Fire towers in the Catskill Mountains have always been destination points, built to capture some of the region’s best views. These sentinel stations served an important role for the earliest possible sightings of forest fires in the remote mountain ranges. But the fire towers and those who manned them fulfilled a multitude of other roles as well.
To fully appreciate the importance of fire towers, a step back in time is needed. The earliest towers were erected before 1910 and paved the way for others to be constructed. This was an era of big timber operations, a flourishing tourism industry, multitudes of expansive rural farms, railroad transportation and few well-developed roads. Those were some of the factors that called for the establishment of an early-warning system when fires raged. The government stepped in with funding to construct fire observation posts and provide for the necessary manpower to service them.
The telephone service was in its infancy in the early 1900s and the Catskill Mountain terrain, distances between homes and communities, along with weather challenges, made phone contact unreliable at times. Maintaining a communication line from a fire tower station was one of the main duties of the fire tower ranger. Their job of reporting a fire and estimating its path held the responsibility of saving potentially thousands of lives.
Imagine, for example, the town of Stamford in late July around 1905 when more than 30 hotels would have been filled with thousands of visitors, along with hundreds of local and seasonal residents. A rapidly moving forest fire had the potential of closing off all but a few exit routes. A perspective on the best way to escape would have only been possible through the reports from the Col. Rulif W. Rulifson observation tower on Mount Utsayantha.
Rulifson built several towers, replacing each as strong winds would take them down, but he rightfully established the mountain as a perfect vantage point for spectacular views. In 1934, it become an official fire tower site.
This was an era where great fires were a constant fear, especially in the cities, but also in heavily populated summer resort communities. The massive wooden structures and wood furnishings of the day could rarely be saved, even with the time’s best fire fighting equipment, and the timber provided fuel for hungry flames. Fire meant loss of human lives, livestock, homes, barns and businesses in a time when insurance policies were rare and large bank loans inconceivable. Prior knowledge of fire not only made the difference in lives for people and animals, but enabled firefighters to cut fire lines and set up water lines to keep the worst damage away from populated areas.
The danger of fire was omnipresent from a variety of threats. Early electrical wiring and generators often malfunctioned, and the candles and oil lanterns they replaced were just as hazardous. Thick vegetation and dry weather in the summer laid a dangerous groundwork that could be set off by a spark from one of the many trains passing through the area, and fires set by hikers or campers sometimes burned out of control. Fire towers provided one of the best defenses the region had against this devastating and all-too-common threat.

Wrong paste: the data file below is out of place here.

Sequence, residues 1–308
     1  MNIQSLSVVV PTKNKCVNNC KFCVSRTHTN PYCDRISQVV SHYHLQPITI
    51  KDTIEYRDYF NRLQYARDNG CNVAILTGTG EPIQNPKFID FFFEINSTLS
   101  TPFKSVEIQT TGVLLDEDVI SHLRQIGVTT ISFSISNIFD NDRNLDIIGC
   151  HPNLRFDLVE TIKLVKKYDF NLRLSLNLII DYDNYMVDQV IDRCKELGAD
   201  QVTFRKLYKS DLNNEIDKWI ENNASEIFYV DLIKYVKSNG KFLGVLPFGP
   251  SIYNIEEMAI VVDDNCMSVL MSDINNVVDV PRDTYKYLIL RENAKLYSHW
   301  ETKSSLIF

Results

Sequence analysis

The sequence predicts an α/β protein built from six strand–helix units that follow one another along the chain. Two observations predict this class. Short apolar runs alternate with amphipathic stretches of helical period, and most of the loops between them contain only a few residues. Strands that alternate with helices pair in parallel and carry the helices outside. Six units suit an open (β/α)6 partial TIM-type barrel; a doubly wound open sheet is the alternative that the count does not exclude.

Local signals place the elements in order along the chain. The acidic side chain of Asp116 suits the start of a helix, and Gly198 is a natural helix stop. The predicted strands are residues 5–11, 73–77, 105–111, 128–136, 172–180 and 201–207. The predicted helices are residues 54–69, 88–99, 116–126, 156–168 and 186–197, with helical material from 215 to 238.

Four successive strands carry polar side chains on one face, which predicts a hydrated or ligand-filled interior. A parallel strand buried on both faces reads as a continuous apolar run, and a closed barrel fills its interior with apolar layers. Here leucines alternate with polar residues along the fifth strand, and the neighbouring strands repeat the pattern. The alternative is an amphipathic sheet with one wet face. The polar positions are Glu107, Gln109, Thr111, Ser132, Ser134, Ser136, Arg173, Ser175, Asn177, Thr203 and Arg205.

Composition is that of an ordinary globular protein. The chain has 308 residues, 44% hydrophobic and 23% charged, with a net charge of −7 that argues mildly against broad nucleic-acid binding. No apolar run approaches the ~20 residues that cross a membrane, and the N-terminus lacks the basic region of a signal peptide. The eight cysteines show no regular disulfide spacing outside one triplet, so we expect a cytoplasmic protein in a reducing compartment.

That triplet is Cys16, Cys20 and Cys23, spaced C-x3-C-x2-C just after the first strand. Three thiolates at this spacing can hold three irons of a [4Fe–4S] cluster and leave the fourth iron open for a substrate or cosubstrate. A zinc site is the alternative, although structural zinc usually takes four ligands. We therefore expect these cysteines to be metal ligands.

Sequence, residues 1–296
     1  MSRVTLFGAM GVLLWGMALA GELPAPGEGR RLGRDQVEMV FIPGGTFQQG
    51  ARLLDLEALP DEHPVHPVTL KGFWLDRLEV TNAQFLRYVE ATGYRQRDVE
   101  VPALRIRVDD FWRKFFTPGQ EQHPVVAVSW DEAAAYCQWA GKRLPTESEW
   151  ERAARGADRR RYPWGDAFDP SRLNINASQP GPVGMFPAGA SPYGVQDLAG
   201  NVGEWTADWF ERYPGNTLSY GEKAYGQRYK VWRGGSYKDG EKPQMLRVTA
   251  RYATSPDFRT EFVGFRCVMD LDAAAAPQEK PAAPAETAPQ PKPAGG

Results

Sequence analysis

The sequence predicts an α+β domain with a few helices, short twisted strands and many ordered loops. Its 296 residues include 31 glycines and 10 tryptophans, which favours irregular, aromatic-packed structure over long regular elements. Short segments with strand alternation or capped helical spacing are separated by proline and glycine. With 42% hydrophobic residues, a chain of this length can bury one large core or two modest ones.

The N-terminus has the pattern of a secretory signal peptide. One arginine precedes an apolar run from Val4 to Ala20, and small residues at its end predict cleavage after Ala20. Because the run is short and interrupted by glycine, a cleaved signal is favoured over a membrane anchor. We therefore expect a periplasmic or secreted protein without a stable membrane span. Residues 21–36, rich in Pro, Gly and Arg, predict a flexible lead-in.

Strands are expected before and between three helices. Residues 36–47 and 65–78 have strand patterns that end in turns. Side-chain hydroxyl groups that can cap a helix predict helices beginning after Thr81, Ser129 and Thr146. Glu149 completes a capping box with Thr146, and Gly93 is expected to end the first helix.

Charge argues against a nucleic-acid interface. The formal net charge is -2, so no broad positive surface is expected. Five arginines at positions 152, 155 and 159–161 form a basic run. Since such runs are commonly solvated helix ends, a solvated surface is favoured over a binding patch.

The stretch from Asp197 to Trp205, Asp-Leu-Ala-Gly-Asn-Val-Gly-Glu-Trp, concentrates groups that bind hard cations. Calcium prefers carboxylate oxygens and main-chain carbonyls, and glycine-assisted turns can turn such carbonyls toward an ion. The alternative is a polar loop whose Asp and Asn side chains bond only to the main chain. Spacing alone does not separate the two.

Today, the fire towers in the Catskill mountains offer a less utilitarian and more romantic appeal. These fantastic destination points lure visitors with spectacular views and a sense of history.
When visiting fire towers, pack a picnic lunch, bring binoculars and a camera, along with windbreaker apparel so you can enjoy your time on the site. Climbing fire towers is often risky or even prohibited; be sure to follow the laws and use good judgment, heeding all warnings. Whether the tower itself is accessible or if it even remains can be irrelevant, since the views that once gave them purpose will still remain.
Local fire towers are well documented in several books, the best known of which is “Fire Towers of the Catskills Their History and Lore” by Martin Podskoch. Published in 2000 by Purple Mountain Press in Fleischmanns, the book includes historical and more-recent photos along with a data and wealth of recorded oral history of the 23 original fire towers of the Catskill Mountain region.
The personal stories Podskoch collected give insight in to the great service that fire tower rangers provided, not only with fire alerts but helping lost hikers, educating visitors on conservation and fire suppression as well as providing welcomed orientation information about views from the tower. The rangers supplied a wealth of statistical information about weather, number of visitors, vegetation and wildlife.
Information about fire towers is also collected by the state Department of Environmental Conservation, and can be found online www.dec.ny.gov, or by calling (845) 256-3000 to request a free brochure.
The Catskill Center for Conservation and Development also provides information on fire towers on its website, www.catskillcenter.org/towers, or by calling 652-7365. Together the DEC and CCCD helped establish the Catskill Fire Tower Project in 1997 that provides fire tower volunteer programs to rehabilitate and preserve the historical towers.
Beyond New York state, The Forest Fire Lookout Association gives information on fire towers throughout the country on its website, www.ffla.org.